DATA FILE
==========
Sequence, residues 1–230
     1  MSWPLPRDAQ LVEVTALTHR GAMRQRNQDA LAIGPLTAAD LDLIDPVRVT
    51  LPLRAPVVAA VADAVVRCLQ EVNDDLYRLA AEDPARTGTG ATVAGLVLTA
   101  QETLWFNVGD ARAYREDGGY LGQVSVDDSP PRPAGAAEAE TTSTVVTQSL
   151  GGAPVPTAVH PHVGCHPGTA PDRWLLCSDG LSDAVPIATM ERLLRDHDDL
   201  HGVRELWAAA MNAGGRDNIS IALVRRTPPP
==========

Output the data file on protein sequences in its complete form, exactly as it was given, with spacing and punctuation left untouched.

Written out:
Sequence, residues 1–230
     1  MSWPLPRDAQ LVEVTALTHR GAMRQRNQDA LAIGPLTAAD LDLIDPVRVT
    51  LPLRAPVVAA VADAVVRCLQ EVNDDLYRLA AEDPARTGTG ATVAGLVLTA
   101  QETLWFNVGD ARAYREDGGY LGQVSVDDSP PRPAGAAEAE TTSTVVTQSL
   151  GGAPVPTAVH PHVGCHPGTA PDRWLLCSDG LSDAVPIATM ERLLRDHDDL
   201  HGVRELWAAA MNAGGRDNIS IALVRRTPPP